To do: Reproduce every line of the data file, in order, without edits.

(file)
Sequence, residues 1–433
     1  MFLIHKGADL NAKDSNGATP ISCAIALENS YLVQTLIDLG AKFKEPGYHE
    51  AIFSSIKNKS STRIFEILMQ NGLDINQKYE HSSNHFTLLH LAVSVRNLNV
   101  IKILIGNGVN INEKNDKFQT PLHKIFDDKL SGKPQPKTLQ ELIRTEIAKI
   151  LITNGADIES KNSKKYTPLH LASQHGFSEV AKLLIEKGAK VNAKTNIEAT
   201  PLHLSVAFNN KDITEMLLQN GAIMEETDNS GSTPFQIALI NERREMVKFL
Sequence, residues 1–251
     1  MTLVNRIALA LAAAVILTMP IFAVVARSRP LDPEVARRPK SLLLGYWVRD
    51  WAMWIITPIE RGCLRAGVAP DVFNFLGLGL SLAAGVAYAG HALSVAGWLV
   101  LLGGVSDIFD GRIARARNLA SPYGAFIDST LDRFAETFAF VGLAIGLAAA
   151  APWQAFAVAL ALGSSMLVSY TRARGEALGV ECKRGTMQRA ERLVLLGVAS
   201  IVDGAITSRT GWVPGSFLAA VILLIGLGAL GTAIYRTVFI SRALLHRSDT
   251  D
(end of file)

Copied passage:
Sequence, residues 1–433
     1  MFLIHKGADL NAKDSNGATP ISCAIALENS YLVQTLIDLG AKFKEPGYHE
    51  AIFSSIKNKS STRIFEILMQ NGLDINQKYE HSSNHFTLLH LAVSVRNLNV
   101  IKILIGNGVN INEKNDKFQT PLHKIFDDKL SGKPQPKTLQ ELIRTEIAKI
   151  LITNGADIES KNSKKYTPLH LASQHGFSEV AKLLIEKGAK VNAKTNIEAT
   201  PLHLSVAFNN KDITEMLLQN GAIMEETDNS GSTPFQIALI NERREMVKFL
Sequence, residues 1–251
     1  MTLVNRIALA LAAAVILTMP IFAVVARSRP LDPEVARRPK SLLLGYWVRD
    51  WAMWIITPIE RGCLRAGVAP DVFNFLGLGL SLAAGVAYAG HALSVAGWLV
   101  LLGGVSDIFD GRIARARNLA SPYGAFIDST LDRFAETFAF VGLAIGLAAA
   151  APWQAFAVAL ALGSSMLVSY TRARGEALGV ECKRGTMQRA ERLVLLGVAS
   201  IVDGAITSRT GWVPGSFLAA VILLIGLGAL GTAIYRTVFI SRALLHRSDT
   251  D